• Dec 9th 2009 at 5:59PM
  • 20
Here's a bit of interesting folklore for you history-obsessed car buffs out there. Nissan (then selling Datsuns) was tricked into coming to America. Seems that Nissan never planned to sell cars here, as they felt that their diminutive, economical rides were too small and slow for the mighty U.S. market. However, one man felt different: Nobushige Wakatsuki.

The year was 1958 and
Wakatsuki had a job with Marubeni Trading Corp. where he was charged with finding Japanese products to import into the U.S. Wakatsuki approached Datsun's management and asked them if they'd be interested in bringing the brand Stateside. After all, Toyota had just began selling cars to Americans in 1957. Wakatsuki was humiliated when he heard their blunt reply, "No."

But Cazy Nobe -- as Nissan execs would later refer to the then 29-year-old -- refused to let a good business opportunity go to waste. He went ahead and procured some cars from Nissan under the pretense of a marketing exercise and proceeded to put them on sale. All of this was done behind Nissan's back. Which really pissed them off. In fact, it took another full year of pestering before Nissan took over the dealer network Crazy Nobe established here in 1960. However, the joke is on them, as Nissan/Infiniti sold nearly 1,000,000 cars in the US last year.

Nobushige Wakatsuki died on November 13, 2009 at the age of 81. Thanks for all the good memories, Mr. Wakatsuki.

[Source: Automotive News - Sub. Req. | Image: Fudge]

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    • 1 Second Ago
      • 5 Years Ago
      I drive a '97 Nissan Truck, and while it hasn't been my most reliable vehicle, it's enjoyable, and it's one heck of a workhorse. I'm glad he had the sense to bring the brand over here back then, because I wouldn't have my truck without him.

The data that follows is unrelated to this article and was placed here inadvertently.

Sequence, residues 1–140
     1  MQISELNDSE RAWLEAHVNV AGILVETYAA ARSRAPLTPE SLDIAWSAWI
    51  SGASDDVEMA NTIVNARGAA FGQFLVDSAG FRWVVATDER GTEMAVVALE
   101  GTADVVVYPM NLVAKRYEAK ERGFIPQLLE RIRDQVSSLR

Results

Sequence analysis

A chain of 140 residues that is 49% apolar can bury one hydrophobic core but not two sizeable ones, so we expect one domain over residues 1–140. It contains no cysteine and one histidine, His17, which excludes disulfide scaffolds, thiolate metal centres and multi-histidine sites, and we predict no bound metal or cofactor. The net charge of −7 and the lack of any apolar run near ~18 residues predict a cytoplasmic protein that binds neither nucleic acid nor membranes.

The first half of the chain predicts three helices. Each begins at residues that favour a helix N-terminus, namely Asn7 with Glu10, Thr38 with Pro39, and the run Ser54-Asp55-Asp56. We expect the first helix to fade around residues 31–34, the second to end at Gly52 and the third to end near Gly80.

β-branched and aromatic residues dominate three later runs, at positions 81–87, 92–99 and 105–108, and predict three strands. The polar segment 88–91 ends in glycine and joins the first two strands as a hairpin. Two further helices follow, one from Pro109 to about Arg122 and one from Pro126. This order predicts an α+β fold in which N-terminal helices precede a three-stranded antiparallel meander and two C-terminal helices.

• 5 Years Ago
      I bought a Datsun 2000 sports car brand new in 1968, 2000 cc and the first five speed transmission available in the states. Fun and fast little car, but a mechnical disaster and the body rusted out in two years.

      A little known tidbit is that Nissan dropped the Datsun name because many of those old Datsun's were unreliable and prone to failure, mine sure was.
      • 5 Years Ago
      • 5 Years Ago
      As a 350z owner. Thank you.

      • 5 Years Ago
      He's not that crazy looking guy I saw on those commercials a few years back is he?

      I am not trying to disrespect him in any way, just asking.
        • 5 Years Ago
        My understand is that he was NOT the guy in the Nissan ads, having long retired from the company by that point - however, that actor in the ads was a fairly accurate representation of him. And it was deliberate.
      • 5 Years Ago
      Thank you Mr. Wakatsuki.

      • 5 Years Ago
      RIP Mr. Wakatsuki, the auto world is thankful of your contribution.

      I wonder if there are any smart Chinese businessman that can follow Crazy Nobe's footsteps and have the cojones to bring the Chinese cars over to the US even when they're obviously inferior in design and build right now, because that's exactly what Datsuns were when they first appeared here in the US.
      • 5 Years Ago
      Time to marathon Wangan Midnight. Godspeed.
      • 5 Years Ago
      Very cool story.
        • 5 Years Ago
        You insensitive a-hole.

        • 5 Years Ago
        Not cool that he's dead, obviously...
      • 5 Years Ago
      The guy has my respect. Without him the Datsun 240Z wouldn't be my favorite car probably...

      ...So Thank You sir! and RIP.
      • 5 Years Ago
      I loved my Datsun 510 2 dr coupe with a 2.0L aluminium truck engine transplant, 5 sp manual. I also love my 07 Altima 3.5 SE 6 sp manual. Keep building great cars and I will keep buying them.

      Thank you Master Wakatsuki.
      • 5 Years Ago
      As a former owner of a '96 Nissan Pathfinder that gave me bulletproof service (except for the odometer) and a current co-owner of a '99 Maxima that has given me the utmost respect for the VQ engine, I tip my hat to the memory of this man.
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